Firefighters Get Behind Casino Bill
Union Argues Revenue Will Fund N.H. Services
Concord — Nashua firefighters union chief Jimmy Kirk led peers across the state urging the House of Representatives to “look, listen and feel” by passing the hotly debated casino bill tomorrow.
Kirk refuted claims that a single high-end casino would bring increased crime, poverty and other social impacts.
“I am here to tell you those problems already exist,” Kirk said.
Berlin firefighter Roland Berthiaume said his industrial city department will go from four men on the job to three with layoffs of its 18-person force later this year.
“In an emergency, seconds count and the clock is ticking for the North County,” Berthiaume said.
Professional Firefighters of New Hampshire President David Lang urged legislators to practice what his brothers do in responding to a crisis.
“I am imploring House members to look, listen and feel,” Lang said. “How can you say you care about public safety when you don’t fund mental health? How can you say you care about education when you don’t support higher education?”
Lang said the casino profits would modernize and broaden the way state government pays for services.
“We are trying to fund government with a 19th Century philosophy with a 20th Century tax structure in the 21st Century,” Lang declared.
The state troopers, AFL-CIO and state building trades council support the casino while the police chiefs lobby does not.
The first test tomorrow will be on whether the full House embraces the recommendation of a super committee House Speaker Terie Norelli, D-Portsmouth, created to spend more than a month pouring over this complex legislation.
The panel voted, 23-22, to recommend the bill (SB 152) be killed, which snuffed out debate or a committee vote on 17 different amendments.
State Rep. Peter Leishman, D-Peterborough, is championing a 45-page change that would boost the bill’s regulatory structure and powers of the attorney general along with forcing the casino to try to mitigate losses for smaller entertainment venues that oppose the bill.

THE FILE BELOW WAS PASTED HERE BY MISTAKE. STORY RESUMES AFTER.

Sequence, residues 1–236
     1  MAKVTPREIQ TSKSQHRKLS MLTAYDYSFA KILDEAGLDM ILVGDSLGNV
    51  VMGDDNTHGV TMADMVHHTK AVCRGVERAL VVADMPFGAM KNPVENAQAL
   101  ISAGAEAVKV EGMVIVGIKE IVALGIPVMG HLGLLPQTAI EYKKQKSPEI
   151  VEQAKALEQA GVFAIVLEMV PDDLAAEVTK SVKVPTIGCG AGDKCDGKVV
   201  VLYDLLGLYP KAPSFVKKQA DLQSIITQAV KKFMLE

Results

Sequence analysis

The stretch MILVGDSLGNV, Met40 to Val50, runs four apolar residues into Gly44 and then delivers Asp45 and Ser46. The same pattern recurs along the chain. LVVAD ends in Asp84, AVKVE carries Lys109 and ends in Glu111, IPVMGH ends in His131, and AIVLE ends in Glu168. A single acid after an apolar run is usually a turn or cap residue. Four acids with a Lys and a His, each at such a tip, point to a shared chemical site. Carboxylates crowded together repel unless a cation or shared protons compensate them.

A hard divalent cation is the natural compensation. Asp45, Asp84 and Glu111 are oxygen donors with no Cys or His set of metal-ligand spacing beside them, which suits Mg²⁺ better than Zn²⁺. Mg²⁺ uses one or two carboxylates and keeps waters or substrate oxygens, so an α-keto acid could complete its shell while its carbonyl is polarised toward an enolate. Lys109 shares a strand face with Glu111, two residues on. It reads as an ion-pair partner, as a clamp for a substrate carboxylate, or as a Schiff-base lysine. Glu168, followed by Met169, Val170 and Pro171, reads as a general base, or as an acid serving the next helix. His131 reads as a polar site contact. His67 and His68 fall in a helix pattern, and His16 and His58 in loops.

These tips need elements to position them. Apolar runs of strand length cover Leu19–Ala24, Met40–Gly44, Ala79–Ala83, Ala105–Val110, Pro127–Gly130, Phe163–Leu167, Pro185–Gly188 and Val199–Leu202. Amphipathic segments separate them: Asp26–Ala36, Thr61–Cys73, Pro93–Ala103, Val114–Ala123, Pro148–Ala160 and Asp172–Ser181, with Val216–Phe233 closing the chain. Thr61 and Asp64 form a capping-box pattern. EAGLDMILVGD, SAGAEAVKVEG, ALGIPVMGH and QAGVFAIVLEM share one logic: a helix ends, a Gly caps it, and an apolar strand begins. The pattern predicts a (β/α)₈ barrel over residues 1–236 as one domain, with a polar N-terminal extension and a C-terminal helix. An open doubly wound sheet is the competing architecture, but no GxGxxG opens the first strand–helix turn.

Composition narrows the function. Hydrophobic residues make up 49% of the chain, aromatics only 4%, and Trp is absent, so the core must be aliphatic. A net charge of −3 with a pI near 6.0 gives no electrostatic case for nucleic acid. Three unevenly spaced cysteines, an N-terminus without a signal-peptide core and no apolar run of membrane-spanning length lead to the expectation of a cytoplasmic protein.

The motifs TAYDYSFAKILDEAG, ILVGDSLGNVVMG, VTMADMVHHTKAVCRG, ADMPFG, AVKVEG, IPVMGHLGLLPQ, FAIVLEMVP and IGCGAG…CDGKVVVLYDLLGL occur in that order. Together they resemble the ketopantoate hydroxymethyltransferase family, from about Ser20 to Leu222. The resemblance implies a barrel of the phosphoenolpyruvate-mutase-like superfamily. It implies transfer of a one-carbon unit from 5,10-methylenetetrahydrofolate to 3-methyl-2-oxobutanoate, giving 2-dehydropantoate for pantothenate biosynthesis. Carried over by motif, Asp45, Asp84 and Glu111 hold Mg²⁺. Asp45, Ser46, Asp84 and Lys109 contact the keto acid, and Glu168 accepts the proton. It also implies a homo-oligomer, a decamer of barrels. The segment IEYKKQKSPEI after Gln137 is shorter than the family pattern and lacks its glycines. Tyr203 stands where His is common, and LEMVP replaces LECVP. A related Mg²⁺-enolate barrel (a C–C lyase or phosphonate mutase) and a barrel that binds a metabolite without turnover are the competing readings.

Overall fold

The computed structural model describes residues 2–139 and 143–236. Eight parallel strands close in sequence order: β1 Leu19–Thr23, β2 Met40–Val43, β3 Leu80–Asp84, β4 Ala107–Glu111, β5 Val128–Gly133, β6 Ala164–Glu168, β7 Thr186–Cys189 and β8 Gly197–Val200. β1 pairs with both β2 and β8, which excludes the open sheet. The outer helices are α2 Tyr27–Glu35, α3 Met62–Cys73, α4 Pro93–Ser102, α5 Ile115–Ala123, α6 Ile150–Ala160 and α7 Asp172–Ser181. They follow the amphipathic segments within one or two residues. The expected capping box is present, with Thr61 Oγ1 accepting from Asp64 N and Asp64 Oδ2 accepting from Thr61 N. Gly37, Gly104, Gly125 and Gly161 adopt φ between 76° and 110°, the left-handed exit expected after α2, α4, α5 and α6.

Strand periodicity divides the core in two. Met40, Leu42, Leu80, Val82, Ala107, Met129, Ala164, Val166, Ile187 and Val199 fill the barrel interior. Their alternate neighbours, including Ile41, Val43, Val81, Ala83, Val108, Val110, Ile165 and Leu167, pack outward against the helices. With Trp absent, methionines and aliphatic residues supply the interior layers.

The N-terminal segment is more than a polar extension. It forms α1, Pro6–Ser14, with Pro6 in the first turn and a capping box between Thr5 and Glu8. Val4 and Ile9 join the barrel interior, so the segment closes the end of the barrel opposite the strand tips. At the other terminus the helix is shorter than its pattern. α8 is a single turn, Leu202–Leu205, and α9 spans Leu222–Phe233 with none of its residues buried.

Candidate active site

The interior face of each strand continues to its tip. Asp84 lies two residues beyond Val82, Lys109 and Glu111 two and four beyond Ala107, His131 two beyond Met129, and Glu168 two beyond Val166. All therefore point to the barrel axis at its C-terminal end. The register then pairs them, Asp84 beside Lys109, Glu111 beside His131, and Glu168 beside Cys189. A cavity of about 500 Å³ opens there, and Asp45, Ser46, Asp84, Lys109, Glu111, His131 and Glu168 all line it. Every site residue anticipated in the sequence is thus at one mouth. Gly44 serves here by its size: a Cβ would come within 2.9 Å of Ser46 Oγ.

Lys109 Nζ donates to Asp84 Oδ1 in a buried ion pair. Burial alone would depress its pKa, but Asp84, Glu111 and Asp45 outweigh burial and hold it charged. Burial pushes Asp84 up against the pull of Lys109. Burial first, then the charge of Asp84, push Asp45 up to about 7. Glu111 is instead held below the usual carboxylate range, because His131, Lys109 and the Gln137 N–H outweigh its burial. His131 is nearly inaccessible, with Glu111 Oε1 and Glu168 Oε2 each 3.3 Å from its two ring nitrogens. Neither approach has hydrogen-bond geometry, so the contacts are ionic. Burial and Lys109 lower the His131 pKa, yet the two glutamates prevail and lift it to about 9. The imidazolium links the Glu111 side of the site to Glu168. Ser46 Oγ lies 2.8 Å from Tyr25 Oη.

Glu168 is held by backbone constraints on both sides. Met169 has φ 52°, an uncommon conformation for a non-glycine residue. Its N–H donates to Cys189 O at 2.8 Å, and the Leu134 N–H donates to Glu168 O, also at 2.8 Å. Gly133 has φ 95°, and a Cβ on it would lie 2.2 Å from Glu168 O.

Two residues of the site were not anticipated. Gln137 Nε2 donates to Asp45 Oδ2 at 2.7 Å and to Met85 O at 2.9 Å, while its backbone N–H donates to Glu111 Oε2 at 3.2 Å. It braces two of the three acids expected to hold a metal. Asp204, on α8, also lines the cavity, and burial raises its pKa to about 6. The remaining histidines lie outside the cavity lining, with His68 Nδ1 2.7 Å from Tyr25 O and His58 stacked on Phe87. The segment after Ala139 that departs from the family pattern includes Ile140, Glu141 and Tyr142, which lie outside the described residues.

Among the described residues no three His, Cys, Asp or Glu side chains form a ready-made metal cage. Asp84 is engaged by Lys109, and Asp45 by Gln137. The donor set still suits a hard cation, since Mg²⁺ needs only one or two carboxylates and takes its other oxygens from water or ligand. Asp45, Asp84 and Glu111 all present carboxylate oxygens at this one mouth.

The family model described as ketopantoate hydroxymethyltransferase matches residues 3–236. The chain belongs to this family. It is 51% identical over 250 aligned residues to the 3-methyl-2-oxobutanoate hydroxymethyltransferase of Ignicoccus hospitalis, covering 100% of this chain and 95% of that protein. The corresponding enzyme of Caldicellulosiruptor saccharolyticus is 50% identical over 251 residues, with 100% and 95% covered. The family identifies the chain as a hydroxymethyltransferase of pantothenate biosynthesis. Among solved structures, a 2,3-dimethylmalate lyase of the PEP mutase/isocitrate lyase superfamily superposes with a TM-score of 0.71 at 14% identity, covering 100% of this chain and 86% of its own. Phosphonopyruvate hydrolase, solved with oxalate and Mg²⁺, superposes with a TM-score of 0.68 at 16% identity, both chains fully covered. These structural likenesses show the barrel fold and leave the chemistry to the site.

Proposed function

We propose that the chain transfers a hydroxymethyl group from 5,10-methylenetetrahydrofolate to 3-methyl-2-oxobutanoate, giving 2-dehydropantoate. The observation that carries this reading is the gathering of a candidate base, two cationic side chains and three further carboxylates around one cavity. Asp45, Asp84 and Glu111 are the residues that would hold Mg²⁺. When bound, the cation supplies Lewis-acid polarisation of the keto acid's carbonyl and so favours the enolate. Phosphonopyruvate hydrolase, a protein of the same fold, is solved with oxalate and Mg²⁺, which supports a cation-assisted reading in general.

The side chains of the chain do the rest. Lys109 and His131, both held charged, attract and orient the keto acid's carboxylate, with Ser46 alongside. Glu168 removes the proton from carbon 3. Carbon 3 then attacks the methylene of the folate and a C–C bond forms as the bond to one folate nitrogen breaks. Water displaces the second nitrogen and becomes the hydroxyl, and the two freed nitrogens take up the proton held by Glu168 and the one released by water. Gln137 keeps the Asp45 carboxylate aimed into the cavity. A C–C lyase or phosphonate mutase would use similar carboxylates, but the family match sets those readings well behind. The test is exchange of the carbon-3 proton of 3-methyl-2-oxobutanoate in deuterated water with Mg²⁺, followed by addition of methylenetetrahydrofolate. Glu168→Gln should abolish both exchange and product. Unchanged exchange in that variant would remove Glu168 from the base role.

State Rep. Marjorie Smith, D-Durham and a longtime casino opponent, agreed the outcome likely will be decided by the more than 100 new House Democrats that Gov. Maggie Hassan, a casino supporter, helped elect last November.
“When I ask them to show me the money, they say well the governor says,” Smith said.
She admitted some frustration at the inconsistency since past Democrats supported then-Gov. John Lynch when he declared last year that he would veto a casino bill.
His replacement, Hassan, has become the most vocal cheerleader for the bill and relied upon a one-time, $80 million license fee to increase spending for mental health, developmental disabilities, higher education and hospital aid in her state budget.
The Senate-passed bill would split profits from a 25 percent tax on slot machine betting to road and bridge projects (45 percent), higher education aid (45 percent) and economic development in the North Country (10 percent).
All of a 14 percent tax on table game wagering would support state aid to public elementary and secondary schools.
The New Hampshire Center for Public Policy Studies further maintains that social costs like welfare and crime for government and private businesses would cancel out the net, $46 million in profit.
Casino critics insist this would be nothing more than a “convenience casino” that would not compete with bigger projects planned in neighboring Massachusetts and would cannibalize as much as $2 billion from New Hampshire firms in the hospitality industry.
The state Lottery Commission that would regulate the casino, along with the state police, has estimated that with 5,000 slots, the profit into state coffers could reach $120 million annually.